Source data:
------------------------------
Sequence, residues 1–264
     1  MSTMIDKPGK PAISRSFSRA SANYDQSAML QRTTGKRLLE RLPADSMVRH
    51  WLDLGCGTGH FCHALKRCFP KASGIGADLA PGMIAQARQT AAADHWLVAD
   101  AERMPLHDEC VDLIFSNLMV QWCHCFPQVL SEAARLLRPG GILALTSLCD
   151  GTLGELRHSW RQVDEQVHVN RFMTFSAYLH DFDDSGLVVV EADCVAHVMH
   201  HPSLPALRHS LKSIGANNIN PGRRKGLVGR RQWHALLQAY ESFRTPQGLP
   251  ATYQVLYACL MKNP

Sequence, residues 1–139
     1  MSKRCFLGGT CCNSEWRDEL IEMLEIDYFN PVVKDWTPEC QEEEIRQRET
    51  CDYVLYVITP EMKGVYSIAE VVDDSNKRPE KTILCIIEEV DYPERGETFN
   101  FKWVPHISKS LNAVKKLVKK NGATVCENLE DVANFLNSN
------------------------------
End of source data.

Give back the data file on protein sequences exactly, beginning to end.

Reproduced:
Sequence, residues 1–264
     1  MSTMIDKPGK PAISRSFSRA SANYDQSAML QRTTGKRLLE RLPADSMVRH
    51  WLDLGCGTGH FCHALKRCFP KASGIGADLA PGMIAQARQT AAADHWLVAD
   101  AERMPLHDEC VDLIFSNLMV QWCHCFPQVL SEAARLLRPG GILALTSLCD
   151  GTLGELRHSW RQVDEQVHVN RFMTFSAYLH DFDDSGLVVV EADCVAHVMH
   201  HPSLPALRHS LKSIGANNIN PGRRKGLVGR RQWHALLQAY ESFRTPQGLP
   251  ATYQVLYACL MKNP

Sequence, residues 1–139
     1  MSKRCFLGGT CCNSEWRDEL IEMLEIDYFN PVVKDWTPEC QEEEIRQRET
    51  CDYVLYVITP EMKGVYSIAE VVDDSNKRPE KTILCIIEEV DYPERGETFN
   101  FKWVPHISKS LNAVKKLVKK NGATVCENLE DVANFLNSN